Crypto Winter is Here and so are Government Investigations

Cryptocurrency used to be going to the moon. Now, winter is coming, and surviving the daily dips has been an exercise of restraint and patience. Still, most crypto-billionaires are now just crypto-hundred-millionaires. Naturally, the crypto crash has significantly affected those with an extensive portfolio. Instead of the significant and steady gains, the market got accustomed to, even the most stable currencies plummeted through the floor or even went extinct (RIP Luna).

New York Attorney General Letitia James has stepped in to pile on to the beleaguered (and mostly misunderstood) commodities/securities/currency industry. James urges New York crypto investors to contact her office if they have been deceived or affected by the crypto crash (that’s everyone).

Christopher Warren, Managing Partner at Warren Law Group, comments, “Instead of being involved in developing and implementing regulations appropriately tailored to the unique challenges and opportunities presented by blockchain and Web 3, the State of New York wants to establish a moratorium on mining operations. See Bill S 6486D. Despite the dubious success of a moratorium on an intentionally decentralized global technology, it would be far more productive and pragmatic for our legislature to innovate and work with blockchain and Fintech companies, not against them.”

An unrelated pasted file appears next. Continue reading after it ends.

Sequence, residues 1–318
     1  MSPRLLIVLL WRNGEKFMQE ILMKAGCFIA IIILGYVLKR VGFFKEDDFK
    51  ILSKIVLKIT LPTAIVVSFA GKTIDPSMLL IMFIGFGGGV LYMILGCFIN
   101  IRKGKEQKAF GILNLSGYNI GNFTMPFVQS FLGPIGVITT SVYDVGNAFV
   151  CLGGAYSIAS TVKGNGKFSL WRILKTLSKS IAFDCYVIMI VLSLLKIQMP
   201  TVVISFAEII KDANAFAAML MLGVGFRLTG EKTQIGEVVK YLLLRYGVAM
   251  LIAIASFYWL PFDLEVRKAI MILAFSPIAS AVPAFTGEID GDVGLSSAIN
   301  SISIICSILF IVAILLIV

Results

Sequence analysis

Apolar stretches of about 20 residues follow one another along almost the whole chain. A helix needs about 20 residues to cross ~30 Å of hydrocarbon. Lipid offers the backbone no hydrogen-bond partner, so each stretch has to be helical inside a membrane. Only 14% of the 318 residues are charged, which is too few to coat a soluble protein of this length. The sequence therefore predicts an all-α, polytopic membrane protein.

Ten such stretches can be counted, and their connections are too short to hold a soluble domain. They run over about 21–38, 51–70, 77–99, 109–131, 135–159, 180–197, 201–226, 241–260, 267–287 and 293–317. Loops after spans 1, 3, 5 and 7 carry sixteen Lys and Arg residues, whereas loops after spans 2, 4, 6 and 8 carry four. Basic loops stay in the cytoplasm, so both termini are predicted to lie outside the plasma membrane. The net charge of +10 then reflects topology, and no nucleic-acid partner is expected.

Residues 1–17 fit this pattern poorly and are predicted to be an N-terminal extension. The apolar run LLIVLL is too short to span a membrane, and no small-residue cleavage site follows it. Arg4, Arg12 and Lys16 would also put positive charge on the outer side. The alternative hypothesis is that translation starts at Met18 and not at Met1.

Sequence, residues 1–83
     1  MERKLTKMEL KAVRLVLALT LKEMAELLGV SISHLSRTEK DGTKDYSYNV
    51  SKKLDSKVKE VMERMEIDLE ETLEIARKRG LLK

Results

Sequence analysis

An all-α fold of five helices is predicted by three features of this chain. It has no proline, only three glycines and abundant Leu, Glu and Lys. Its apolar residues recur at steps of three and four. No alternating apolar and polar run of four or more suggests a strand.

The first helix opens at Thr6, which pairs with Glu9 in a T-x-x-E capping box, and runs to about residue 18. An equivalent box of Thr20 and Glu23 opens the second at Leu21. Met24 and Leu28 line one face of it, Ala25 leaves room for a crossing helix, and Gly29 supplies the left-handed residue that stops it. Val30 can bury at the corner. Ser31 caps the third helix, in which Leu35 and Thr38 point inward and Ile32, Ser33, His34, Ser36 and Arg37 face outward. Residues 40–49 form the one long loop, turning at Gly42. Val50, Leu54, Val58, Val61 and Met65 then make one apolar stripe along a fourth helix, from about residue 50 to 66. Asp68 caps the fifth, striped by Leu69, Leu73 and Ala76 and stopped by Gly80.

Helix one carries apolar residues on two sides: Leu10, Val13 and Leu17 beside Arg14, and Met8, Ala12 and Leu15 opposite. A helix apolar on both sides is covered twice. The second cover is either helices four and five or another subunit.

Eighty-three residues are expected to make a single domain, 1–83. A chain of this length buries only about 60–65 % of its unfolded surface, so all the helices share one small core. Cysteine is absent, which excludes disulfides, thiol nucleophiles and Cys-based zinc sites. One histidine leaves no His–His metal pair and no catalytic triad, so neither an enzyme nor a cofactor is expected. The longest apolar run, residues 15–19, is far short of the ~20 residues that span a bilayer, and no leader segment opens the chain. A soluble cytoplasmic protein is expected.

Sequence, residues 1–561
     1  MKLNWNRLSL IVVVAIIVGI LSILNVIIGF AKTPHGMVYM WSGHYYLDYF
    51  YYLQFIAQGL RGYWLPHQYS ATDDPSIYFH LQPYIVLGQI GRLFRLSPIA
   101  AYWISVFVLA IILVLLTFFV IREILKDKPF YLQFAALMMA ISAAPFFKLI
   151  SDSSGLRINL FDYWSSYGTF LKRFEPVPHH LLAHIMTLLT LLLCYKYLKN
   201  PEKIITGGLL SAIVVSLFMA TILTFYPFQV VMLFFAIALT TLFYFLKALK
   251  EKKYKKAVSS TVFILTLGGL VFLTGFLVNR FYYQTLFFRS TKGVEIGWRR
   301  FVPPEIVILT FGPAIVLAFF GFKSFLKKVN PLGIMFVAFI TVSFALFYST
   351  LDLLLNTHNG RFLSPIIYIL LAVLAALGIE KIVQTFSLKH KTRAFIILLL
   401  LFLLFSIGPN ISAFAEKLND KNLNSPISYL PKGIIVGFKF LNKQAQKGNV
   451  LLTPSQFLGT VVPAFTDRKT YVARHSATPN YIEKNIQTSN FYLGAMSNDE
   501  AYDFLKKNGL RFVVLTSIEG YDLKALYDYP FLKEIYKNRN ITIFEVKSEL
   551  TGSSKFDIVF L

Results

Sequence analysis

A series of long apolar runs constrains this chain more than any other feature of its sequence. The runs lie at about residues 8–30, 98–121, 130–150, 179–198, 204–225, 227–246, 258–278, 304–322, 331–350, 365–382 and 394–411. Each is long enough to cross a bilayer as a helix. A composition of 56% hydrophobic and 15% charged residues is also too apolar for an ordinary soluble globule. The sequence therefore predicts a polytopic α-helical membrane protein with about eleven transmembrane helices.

Ms. James’ call for anyone affected by the crypto meltdown (everyone) or employees of dissolved cryptocurrency platforms to blow the whistle will likely not solve problems, only creating unnecessary government investigations into the thousands of Fintech startups in New York City. There is still a lack of clarity on the government’s position on what is being regulated and what is not.

It is the right of cryptocurrency, fintech, and financial securities firms to engage in commerce with clear rules, guidelines, and standards. The State of New York should be working with cryptocurrency companies, not oppressing them or forcing them to relocate out of New York.

The New York Attorney General, SEC, and other regulators are very quick to call for buzzword investigations, despite a complete dearth of guidance, regulation, or even some commonsense legislation, on how cryptocurrencies and blockchain innovations are being implemented. In fact, the two primary federal agencies dealing with these issues, the SEC and CFTC, can’t even agree if cryptocurrencies are securities or commodities. The Attorney General’s statement implies that she intends to “regulate through enforcement.

In the current environment, proper corporate governance and counsel on securities and blockchain regulation developments are imperative to defend against government overreach.

If you or your firm are under investigation for securities fraud or misrepresentations by the Attorney General, the SEC, DOJ, FINRA, CFTC, or another state regulator, call the attorneys at Warren Law Group at (866) 954-7687 or email info@warren.law to schedule your consultation.

The opinions expressed within this blog post are solely the author’s and do not reflect the opinions and beliefs of the Warren Law Group, its members, or affiliates.    

 

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Christopher D. Warren

Christopher D. Warren, Managing Partner